It’s basically like when all the people in North Korea cried hysterically after Kim Jong Il passed away. Let’s be frank – we know fake tears when we see them.
What’s all the more curious about the response by hardcore leftists regarding the general’s death is that many Iranian-Americans aren’t mourning his passing.
Roxanne Mirzaee, who lives in Los Angeles, fled Iran 40 years ago to be able to freely express her opinions without the fear of execution. She spoke with USA Today after the drone strike that took out the general, saying that disapproving of Trump’s decision to strike Soleimani creates sympathy for the Iranian regime.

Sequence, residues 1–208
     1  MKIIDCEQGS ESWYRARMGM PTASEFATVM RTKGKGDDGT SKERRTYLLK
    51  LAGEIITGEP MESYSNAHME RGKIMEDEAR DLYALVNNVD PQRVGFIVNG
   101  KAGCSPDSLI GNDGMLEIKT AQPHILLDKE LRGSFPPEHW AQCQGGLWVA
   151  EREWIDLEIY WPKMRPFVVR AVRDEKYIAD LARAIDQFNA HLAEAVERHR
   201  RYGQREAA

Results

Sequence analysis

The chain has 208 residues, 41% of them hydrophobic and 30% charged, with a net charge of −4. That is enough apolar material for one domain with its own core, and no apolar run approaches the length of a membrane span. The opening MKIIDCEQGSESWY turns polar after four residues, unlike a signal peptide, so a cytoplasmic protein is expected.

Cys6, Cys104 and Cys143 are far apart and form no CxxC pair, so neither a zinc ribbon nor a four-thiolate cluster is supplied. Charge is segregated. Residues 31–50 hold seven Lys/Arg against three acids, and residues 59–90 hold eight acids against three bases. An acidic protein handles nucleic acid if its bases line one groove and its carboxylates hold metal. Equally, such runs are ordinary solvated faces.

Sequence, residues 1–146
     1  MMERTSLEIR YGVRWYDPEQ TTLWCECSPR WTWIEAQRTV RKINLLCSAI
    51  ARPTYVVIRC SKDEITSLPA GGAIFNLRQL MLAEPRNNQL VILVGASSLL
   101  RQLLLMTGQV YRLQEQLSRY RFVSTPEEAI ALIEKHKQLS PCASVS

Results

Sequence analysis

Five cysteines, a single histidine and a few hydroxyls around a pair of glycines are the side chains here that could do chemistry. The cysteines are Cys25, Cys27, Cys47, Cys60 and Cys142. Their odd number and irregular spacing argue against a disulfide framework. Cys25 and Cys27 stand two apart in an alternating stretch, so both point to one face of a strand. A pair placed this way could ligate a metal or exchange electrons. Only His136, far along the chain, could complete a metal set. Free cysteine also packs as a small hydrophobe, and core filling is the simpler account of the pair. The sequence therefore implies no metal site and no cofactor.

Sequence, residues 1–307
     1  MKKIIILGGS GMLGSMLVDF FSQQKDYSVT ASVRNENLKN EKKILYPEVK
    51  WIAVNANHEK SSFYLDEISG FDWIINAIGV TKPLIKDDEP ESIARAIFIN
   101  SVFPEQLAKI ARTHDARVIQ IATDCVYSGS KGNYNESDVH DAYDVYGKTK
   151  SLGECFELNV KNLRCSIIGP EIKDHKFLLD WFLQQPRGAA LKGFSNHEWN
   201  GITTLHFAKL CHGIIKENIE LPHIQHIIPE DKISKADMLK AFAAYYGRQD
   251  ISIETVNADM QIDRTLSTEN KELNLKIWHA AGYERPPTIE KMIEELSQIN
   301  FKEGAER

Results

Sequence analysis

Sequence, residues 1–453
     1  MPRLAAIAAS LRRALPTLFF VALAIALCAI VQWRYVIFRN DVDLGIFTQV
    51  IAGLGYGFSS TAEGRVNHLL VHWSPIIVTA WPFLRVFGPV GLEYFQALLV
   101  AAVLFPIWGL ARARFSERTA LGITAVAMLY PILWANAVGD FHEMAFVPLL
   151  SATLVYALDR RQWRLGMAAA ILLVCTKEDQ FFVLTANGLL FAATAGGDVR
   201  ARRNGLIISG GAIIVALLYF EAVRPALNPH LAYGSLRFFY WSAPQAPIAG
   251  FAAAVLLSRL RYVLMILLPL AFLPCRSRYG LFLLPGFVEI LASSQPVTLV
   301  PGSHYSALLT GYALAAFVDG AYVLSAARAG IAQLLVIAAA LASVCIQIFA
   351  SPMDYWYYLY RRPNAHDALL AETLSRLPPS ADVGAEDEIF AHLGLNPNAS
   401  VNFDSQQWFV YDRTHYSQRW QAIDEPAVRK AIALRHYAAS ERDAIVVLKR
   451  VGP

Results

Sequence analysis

She even pointed out that Soleimani isn’t even the worst of them over there, saying: “There are hundreds worse than him.”
The online responses have been a mixture of reasonable outrage and jokes at the comparison, but the sarcastic ones have to be some of the best online comments ever. One user who goes by the online moniker of “Lt. Col. Griddle”, which is clearly a funny online handle and likely not of military background, is notorious for trolling the left.
When the user responded to the video posted online, he poked fun at the comparison of Elvis’ passing to that of Soleimani’s:
“Yeah, I remember when Elvis planted that roadside IED and tried to take out The Beatles.”
It’s nothing short of mind boggling that Iran has managed to gather support from individuals stateside. American citizens on the far left are seeing this general being killed as some kind of tragedy, but reasonable people aren’t losing a wink of sleep over it.